Kumar: Steve King, your time is up

A number of reasons have pointed to why Iowa District 4 may need a new representative. Steve King's inflammatory remarks are just one of them.

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Kumar: Steve King, your time is up

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Michelle Kumar, Opinions Columnist

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The 116th Congress has offered us some of the most talked-about stories in the past couple of months. Iowa politics and politicians aren’t often in headlines unless it’s caucus season. However, thanks to Iowa’s 4th Congressional District, we continue to have Republican Rep. Steve King. He has consistently made headlines, and not in a good way. He has proven time and time again that he does not hold Iowa values, is not fit for office, and will not do anything for the people he represents.

Obviously, there is a lot of negative media attention about him, and it’s well-deserved. When you regularly align yourself against minorities, women, children, those in poverty — really a majority of America — people will have some things to say. Let’s not forget when he tweeted that diversity wasn’t our strength, said minorities haven’t contributed anything to civilization, asked the CEO of Google some really uneducated questions, and more recently asked when the term “white supremacy” became offensive. This is just a short list of his many indiscretions, but it somehow gets worse. He’s absolutely useless to Iowans.

RELATED: Chuck Grassley: voters will decide on keeping Steve King in Washington

King typically votes with the Republican Party, and he’s rarely missed a vote in his time as a representative. At face value, that may seem OK. However, while 4th District voters may want a Republican to represent them, King does not represent Republican values, let alone Iowa values. Some people may disagree, but the Republican Party is not inherently racist, against minorities, or out to get those who are poor. When people like King get elected is when people begin to question the party itself. Just because he may vote with the party does not mean he holds the party’s values. You only need to watch a couple interviews or read a few articles to understand that.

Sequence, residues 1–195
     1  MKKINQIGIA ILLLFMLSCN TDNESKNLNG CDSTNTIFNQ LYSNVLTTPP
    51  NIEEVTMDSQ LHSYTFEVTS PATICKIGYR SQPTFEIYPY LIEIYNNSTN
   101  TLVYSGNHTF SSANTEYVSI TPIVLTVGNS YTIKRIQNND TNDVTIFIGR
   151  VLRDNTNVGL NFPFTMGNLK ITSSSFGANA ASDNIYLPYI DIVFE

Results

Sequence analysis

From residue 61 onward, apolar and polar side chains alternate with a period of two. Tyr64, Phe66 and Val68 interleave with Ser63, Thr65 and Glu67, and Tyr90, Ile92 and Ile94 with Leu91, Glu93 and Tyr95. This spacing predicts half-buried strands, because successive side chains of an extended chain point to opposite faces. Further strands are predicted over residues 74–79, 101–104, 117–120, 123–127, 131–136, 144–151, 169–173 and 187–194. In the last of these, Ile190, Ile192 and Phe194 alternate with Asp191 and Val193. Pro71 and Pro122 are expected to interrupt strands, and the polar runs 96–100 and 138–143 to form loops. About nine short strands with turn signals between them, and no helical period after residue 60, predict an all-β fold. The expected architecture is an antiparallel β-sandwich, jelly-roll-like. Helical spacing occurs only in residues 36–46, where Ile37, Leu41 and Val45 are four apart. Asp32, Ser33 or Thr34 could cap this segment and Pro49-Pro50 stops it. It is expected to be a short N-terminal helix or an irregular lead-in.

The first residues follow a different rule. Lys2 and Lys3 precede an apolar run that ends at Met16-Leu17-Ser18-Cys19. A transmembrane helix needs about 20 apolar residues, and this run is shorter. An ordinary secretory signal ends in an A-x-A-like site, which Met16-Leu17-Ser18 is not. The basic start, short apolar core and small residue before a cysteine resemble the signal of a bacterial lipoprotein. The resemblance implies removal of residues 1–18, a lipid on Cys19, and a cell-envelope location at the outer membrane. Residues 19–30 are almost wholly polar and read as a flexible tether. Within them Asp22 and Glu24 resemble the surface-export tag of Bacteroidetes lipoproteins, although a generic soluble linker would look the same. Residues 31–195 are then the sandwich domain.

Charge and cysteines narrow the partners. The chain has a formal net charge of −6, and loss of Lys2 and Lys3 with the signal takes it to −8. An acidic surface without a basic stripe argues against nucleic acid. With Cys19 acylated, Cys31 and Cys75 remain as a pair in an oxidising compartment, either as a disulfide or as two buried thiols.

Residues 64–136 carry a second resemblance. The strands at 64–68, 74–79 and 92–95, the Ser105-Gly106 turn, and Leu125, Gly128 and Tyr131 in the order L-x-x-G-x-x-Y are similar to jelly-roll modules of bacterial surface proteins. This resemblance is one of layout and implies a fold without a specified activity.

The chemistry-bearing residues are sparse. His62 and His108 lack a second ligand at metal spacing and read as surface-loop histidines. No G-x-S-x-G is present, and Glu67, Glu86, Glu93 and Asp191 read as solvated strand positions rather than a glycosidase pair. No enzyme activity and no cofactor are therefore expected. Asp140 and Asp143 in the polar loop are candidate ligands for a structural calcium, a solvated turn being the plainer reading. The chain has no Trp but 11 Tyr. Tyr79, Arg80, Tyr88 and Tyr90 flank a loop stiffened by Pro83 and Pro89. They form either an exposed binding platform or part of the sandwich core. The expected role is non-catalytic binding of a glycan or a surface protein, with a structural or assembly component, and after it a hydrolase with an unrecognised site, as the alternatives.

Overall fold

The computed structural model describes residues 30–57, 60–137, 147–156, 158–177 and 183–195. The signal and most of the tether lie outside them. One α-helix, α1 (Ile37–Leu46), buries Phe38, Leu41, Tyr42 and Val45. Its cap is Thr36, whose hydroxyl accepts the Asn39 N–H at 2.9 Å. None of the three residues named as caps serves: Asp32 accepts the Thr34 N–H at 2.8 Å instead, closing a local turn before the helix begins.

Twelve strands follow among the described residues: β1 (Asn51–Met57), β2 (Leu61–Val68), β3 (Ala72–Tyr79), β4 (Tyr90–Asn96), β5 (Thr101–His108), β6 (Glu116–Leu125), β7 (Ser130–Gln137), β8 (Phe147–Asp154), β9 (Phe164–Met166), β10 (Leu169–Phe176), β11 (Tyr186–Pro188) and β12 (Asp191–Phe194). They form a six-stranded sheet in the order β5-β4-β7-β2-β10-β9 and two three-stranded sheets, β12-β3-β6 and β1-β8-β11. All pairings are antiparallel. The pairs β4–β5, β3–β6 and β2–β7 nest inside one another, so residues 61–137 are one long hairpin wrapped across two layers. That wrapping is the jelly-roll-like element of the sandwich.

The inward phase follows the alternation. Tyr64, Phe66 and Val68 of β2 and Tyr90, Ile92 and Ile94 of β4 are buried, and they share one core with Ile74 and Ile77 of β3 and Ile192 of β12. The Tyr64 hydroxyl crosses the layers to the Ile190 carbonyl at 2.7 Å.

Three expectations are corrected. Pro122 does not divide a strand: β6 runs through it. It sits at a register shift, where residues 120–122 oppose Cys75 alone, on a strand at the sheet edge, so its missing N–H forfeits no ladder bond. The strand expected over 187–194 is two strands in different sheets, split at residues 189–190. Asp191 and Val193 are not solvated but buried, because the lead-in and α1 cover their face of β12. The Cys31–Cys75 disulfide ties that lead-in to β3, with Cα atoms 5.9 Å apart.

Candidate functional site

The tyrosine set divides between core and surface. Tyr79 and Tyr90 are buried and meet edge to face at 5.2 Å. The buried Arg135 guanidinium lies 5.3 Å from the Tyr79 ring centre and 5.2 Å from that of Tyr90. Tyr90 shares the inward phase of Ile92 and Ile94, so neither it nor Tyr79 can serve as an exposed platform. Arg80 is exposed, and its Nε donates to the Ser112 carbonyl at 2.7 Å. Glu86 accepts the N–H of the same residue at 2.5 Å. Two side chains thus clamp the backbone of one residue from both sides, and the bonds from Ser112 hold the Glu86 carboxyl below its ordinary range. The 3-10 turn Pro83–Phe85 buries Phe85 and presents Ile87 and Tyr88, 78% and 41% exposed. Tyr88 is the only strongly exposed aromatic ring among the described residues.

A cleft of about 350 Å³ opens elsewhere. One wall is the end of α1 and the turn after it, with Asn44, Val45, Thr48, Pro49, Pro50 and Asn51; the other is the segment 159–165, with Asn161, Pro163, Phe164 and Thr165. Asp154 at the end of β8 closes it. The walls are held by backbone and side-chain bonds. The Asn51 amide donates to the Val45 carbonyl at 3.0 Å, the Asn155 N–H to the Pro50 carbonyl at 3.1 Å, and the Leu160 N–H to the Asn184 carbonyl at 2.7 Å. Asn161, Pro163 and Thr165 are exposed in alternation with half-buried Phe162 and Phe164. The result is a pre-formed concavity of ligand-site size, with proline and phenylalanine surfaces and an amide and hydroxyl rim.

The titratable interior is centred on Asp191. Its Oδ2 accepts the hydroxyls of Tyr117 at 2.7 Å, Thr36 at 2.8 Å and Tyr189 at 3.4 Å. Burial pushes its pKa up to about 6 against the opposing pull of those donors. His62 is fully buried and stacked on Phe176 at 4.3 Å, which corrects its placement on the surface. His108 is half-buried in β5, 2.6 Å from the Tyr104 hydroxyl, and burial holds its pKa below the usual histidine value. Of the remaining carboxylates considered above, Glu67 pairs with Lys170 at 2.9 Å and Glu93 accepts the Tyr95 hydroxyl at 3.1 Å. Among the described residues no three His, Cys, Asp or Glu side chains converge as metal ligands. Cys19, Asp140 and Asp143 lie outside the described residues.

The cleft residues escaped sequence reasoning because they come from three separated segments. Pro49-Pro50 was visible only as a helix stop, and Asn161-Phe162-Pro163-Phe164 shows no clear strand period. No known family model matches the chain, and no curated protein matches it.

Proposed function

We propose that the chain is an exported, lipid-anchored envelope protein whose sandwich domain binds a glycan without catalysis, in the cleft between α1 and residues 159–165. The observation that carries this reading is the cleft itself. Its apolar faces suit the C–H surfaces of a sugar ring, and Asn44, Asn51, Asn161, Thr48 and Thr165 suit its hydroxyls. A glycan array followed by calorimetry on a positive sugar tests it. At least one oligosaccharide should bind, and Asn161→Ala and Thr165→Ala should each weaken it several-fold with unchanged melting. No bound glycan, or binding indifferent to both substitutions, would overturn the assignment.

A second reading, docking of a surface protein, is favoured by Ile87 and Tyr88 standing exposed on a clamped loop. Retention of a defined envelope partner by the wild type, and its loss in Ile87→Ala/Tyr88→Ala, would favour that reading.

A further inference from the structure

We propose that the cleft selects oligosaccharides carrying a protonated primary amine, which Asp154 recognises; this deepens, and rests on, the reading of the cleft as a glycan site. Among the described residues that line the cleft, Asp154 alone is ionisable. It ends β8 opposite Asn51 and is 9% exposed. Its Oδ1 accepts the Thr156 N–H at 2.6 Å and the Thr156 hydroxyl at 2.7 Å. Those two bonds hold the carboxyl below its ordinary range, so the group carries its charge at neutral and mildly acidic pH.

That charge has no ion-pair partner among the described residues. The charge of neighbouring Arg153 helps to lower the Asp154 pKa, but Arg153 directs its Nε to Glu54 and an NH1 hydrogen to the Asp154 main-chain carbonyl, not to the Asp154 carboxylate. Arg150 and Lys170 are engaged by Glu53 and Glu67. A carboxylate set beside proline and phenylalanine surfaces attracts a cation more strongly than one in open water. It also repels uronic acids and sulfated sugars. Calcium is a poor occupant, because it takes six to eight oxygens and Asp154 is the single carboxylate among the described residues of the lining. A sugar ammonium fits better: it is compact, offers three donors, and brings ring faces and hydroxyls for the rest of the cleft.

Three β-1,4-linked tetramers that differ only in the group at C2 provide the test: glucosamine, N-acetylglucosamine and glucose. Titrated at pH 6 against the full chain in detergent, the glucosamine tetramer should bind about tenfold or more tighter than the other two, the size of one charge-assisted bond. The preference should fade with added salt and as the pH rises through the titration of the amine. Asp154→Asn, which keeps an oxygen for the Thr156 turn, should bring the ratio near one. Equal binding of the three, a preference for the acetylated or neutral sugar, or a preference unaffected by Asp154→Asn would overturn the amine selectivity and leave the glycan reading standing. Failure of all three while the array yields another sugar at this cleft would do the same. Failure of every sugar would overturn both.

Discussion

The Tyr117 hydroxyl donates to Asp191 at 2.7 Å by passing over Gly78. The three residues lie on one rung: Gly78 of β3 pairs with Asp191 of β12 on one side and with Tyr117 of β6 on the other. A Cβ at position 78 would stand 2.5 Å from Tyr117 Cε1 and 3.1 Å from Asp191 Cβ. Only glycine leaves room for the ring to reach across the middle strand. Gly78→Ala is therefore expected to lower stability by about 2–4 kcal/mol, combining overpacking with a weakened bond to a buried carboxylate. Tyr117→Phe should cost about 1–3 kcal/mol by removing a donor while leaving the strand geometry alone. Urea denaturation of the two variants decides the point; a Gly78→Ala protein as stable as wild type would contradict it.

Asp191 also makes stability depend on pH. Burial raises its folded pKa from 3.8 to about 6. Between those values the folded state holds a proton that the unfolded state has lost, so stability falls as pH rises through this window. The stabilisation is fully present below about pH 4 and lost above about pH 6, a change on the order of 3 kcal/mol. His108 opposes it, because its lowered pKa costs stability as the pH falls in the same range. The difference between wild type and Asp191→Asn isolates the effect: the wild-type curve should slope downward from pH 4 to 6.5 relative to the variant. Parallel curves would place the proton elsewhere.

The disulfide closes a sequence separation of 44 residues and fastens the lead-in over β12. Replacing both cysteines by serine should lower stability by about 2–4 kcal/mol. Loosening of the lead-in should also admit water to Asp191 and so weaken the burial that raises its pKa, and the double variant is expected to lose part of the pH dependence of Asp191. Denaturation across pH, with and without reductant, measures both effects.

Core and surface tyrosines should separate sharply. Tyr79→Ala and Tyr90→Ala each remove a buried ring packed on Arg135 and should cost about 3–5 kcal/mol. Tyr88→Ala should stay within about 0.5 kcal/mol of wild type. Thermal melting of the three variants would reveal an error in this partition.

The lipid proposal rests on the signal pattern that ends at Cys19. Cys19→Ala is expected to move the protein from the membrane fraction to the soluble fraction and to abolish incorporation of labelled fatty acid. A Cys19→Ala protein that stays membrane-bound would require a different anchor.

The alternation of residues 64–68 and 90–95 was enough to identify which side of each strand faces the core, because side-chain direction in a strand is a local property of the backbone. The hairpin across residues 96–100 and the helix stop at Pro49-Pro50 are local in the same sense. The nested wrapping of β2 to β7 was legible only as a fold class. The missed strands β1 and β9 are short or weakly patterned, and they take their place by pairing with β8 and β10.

It’s clear that the 4th District wants another Republican, despite the close election last year.”

I’ve had the pleasure of growing up in Iowa my entire life. Iowans are some of the kindest and most hardworking people I know. Iowans are not rude (have you heard of “Iowa nice”?) and offer some of the best public education in the country. Iowa was one of the first states to make same-sex marriage legal. And we love our farmers. King upholds none of those values. He votes against bills that will help public education and votes against the protecting the environment. The 4th District may be heavily religious, majority white, and conservative, but you’ll be hard-pressed to find many people who 100 percent agree with King’s extreme views. If you look, you’ll find some, but they don’t represent the majority of Iowans in the area.

RELATED: Cindy Axne appointed to House Agriculture Committee after King’s removal

King used to sit on the Agriculture and Small Business Committees — two policy areas that are important to Iowans and those in the district he represents. Because of his recent comments on white supremacy, the House Republican Steering Committee stripped him of the opportunity to serve on committees, so he essentially no longer serves a purpose. It’s clear that the 4th District wants another Republican, despite the close election last year. Honestly, it won’t be hard to find a less controversial individual who will vote with their party and maybe do more to help constituents. It’s time for King to resign and for 4th District voters to do better by electing someone else to office — not just for their sake, but for the rest of the state, too.

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